Eric, why do assert that I am challenging you? I assure you, I'm not. No condescending tone was intended in my comment...just a mild curiosity at your humerous (to me) query.
Perhaps it might help if you think of my voice, when you read my posts, as being deep, quiet, almost hyponotic. Absolutely no attempt at domination, one-upsmanship, or aggression. That's not my style at all. I'm very mellow and easy going in person. I can be intense in conversation (verbal and written), but thats an aspect of my enthusiasm for sharing information, by training as an educator and technical specialist.
On the question of microbial (probiotic) supplements:
First, let me preface this discussion with the observation that much of this knowledge is rapidly evolving in the biomedical/nutritional sciences literature.
Second, we need to look at the most overt evidence for our diet type: yes, we have dentation that support both carnivore and vegetarian nutrient sources. However, until recently, it was more energy intensive (and more difficult to store) protein sources than to harvest or collect vegetables, legumes, roots, nuts and seeds as base calorie sources in our diet.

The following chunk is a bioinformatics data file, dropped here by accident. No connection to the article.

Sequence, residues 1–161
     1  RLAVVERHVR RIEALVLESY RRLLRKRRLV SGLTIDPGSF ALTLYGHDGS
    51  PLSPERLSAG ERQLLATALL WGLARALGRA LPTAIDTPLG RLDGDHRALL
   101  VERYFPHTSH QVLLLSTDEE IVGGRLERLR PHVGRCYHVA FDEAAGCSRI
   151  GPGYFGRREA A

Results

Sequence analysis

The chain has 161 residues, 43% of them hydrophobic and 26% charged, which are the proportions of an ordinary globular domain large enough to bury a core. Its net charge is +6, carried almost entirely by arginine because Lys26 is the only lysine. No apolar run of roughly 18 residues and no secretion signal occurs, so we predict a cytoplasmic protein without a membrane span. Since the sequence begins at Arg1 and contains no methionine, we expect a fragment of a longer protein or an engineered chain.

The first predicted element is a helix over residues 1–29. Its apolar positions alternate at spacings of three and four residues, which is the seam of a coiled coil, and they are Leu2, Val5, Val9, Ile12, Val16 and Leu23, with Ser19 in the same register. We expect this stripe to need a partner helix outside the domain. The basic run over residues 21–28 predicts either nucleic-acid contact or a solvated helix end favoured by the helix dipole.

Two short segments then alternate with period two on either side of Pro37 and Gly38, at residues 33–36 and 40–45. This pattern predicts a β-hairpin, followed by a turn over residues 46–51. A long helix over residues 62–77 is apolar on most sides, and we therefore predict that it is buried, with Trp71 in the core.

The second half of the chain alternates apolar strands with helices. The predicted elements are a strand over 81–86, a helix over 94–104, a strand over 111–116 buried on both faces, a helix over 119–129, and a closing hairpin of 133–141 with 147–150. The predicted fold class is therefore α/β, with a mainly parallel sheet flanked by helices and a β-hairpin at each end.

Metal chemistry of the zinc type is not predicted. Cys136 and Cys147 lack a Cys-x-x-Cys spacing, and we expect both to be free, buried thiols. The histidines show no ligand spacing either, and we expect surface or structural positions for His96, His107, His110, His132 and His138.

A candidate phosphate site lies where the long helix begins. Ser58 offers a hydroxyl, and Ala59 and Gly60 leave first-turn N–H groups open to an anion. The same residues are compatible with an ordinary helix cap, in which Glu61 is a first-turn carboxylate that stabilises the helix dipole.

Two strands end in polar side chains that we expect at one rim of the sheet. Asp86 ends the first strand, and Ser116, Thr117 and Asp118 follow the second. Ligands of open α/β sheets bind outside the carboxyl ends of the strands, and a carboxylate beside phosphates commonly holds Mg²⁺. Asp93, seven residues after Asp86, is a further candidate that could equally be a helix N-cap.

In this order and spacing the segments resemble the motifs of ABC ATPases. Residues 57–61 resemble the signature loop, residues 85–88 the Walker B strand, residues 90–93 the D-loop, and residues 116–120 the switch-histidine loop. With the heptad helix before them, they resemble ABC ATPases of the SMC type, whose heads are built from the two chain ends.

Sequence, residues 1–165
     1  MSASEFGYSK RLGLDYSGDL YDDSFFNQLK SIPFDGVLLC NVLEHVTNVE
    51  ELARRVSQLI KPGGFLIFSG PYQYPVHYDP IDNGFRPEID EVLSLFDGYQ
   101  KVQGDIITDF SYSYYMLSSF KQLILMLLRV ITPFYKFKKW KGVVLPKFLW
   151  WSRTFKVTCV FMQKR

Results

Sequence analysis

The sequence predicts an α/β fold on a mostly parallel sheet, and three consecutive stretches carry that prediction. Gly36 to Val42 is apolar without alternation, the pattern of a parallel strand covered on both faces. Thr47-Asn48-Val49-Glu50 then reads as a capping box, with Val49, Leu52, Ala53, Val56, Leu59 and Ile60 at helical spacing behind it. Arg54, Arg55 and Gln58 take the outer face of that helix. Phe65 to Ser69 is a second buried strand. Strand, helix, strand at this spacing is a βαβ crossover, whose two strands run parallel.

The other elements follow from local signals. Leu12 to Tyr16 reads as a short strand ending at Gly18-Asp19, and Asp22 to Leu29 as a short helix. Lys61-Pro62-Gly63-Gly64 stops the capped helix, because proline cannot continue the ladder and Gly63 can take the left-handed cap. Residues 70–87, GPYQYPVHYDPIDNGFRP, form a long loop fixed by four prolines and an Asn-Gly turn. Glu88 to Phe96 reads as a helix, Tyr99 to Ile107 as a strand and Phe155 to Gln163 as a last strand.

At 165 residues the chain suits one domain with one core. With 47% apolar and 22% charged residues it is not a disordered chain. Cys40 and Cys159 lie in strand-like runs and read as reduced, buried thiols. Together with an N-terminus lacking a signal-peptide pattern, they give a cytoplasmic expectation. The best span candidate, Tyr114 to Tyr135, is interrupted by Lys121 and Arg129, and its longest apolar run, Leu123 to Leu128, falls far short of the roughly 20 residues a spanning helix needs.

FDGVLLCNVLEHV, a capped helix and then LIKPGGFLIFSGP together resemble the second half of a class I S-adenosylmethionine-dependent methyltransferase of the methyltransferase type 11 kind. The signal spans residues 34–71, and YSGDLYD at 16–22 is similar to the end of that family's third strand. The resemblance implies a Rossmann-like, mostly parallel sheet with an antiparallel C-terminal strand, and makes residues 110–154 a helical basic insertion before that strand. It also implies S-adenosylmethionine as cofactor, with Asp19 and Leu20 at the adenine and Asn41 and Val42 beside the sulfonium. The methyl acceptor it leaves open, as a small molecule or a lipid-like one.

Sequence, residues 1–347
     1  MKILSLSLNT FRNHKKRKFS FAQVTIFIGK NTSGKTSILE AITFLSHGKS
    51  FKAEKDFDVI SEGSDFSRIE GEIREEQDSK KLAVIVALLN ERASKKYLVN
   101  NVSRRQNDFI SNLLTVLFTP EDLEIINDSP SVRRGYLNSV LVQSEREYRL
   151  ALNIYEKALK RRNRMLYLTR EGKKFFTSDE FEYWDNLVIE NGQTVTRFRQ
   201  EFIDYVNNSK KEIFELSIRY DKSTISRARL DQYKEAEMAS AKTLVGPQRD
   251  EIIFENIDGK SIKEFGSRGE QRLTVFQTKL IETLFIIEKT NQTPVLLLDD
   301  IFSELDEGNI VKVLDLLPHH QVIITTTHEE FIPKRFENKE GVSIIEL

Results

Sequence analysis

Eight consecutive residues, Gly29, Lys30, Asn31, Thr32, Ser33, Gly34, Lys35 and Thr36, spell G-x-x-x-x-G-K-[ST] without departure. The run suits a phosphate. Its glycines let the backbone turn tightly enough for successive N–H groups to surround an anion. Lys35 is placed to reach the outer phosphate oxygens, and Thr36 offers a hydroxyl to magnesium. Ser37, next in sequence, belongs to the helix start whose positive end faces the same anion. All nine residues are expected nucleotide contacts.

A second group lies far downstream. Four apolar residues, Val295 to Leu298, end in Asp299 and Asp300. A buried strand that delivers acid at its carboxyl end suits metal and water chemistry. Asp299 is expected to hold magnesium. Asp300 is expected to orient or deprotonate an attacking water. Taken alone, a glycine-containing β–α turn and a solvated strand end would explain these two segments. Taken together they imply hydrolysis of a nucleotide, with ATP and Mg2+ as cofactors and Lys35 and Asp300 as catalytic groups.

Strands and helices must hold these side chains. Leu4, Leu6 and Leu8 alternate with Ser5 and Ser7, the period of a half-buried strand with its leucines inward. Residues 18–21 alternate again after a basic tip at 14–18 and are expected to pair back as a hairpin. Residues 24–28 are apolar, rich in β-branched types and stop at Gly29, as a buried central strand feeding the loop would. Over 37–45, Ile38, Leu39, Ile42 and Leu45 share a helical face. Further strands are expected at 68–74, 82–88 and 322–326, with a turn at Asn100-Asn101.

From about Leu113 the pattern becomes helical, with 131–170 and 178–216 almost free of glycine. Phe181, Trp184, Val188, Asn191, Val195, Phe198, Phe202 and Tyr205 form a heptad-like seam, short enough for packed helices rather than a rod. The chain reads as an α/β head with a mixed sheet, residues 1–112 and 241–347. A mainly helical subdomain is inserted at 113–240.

As to the use of microbial supplements -you can try them, but the added microbes won't stick around and multiply if their nutrient needs aren't met and you internal morphology (surface area and membrane morphology) can't support them. We appear to produce docking proteins (this is very new area of nutritional research), under certain signaling conditions, that promote colonization and adherence of these microbes to gut membrane surfaces. We also produce secretions that these microbes require for their function - hence, the commensalistic (when two organisms share an ecological niche and mutually supply necessary nutrients) aspect of our cozy relationship with intestinal flora.
Many of us have gut surfaces that look like tighly woven (low vertical aspect) berber carpets, when they should look like 60s-era shag carpets.
It's a egg and chicken situation. You need both the food type and microbes to signal changes to the gut ...which takes time, gut cell turnover is on the order of weeks to months, and you have to build up substantial mass of villi growth (elongation and radial thickness alterations, along with changes in membrane physiology).
I'm post a couple of web links that describe dietary composition effect on gut absorption capacity and efficiency..and when we can discuss diet modulation to promote positive changes in gut internal structure.
Again, I assure you that I'm not here to show off, impress, or challenge anyone here. I'm here simply to share what I've information I've come accross that I feel is beneficial to the bodybuilding game. In return, I've come here to learn more of the mechanics - the art and science - behind various training techniques.